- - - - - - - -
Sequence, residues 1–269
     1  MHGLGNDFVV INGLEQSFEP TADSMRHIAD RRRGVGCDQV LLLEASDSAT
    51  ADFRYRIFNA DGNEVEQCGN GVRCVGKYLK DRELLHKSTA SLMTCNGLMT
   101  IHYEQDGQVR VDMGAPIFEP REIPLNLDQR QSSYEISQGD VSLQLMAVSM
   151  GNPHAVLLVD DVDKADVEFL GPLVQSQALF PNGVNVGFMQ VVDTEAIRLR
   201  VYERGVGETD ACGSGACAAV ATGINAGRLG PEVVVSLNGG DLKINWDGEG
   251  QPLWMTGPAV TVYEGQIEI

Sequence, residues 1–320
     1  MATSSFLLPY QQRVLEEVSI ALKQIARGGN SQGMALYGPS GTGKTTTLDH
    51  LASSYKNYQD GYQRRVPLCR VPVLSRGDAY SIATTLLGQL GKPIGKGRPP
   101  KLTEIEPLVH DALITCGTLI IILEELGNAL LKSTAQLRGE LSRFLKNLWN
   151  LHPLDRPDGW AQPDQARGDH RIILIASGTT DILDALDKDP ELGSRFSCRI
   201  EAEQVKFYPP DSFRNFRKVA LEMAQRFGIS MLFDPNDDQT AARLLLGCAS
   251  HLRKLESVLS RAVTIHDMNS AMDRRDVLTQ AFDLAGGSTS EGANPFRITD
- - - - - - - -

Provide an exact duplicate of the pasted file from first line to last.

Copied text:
Sequence, residues 1–269
     1  MHGLGNDFVV INGLEQSFEP TADSMRHIAD RRRGVGCDQV LLLEASDSAT
    51  ADFRYRIFNA DGNEVEQCGN GVRCVGKYLK DRELLHKSTA SLMTCNGLMT
   101  IHYEQDGQVR VDMGAPIFEP REIPLNLDQR QSSYEISQGD VSLQLMAVSM
   151  GNPHAVLLVD DVDKADVEFL GPLVQSQALF PNGVNVGFMQ VVDTEAIRLR
   201  VYERGVGETD ACGSGACAAV ATGINAGRLG PEVVVSLNGG DLKINWDGEG
   251  QPLWMTGPAV TVYEGQIEI

Sequence, residues 1–320
     1  MATSSFLLPY QQRVLEEVSI ALKQIARGGN SQGMALYGPS GTGKTTTLDH
    51  LASSYKNYQD GYQRRVPLCR VPVLSRGDAY SIATTLLGQL GKPIGKGRPP
   101  KLTEIEPLVH DALITCGTLI IILEELGNAL LKSTAQLRGE LSRFLKNLWN
   151  LHPLDRPDGW AQPDQARGDH RIILIASGTT DILDALDKDP ELGSRFSCRI
   201  EAEQVKFYPP DSFRNFRKVA LEMAQRFGIS MLFDPNDDQT AARLLLGCAS
   251  HLRKLESVLS RAVTIHDMNS AMDRRDVLTQ AFDLAGGSTS EGANPFRITD